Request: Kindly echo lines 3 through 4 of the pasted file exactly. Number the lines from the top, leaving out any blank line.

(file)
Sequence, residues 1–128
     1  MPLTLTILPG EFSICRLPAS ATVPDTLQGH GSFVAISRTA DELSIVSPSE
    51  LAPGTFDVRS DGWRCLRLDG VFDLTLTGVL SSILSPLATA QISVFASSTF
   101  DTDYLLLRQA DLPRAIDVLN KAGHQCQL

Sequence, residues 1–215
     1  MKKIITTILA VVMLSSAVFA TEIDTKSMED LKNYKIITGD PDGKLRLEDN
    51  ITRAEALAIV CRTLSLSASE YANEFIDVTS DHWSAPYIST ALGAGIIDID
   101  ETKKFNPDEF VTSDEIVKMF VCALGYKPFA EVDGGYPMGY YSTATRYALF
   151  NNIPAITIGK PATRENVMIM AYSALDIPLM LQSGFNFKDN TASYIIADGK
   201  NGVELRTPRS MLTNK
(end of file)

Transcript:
    51  LAPGTFDVRS DGWRCLRLDG VFDLTLTGVL SSILSPLATA QISVFASSTF
   101  DTDYLLLRQA DLPRAIDVLN KAGHQCQL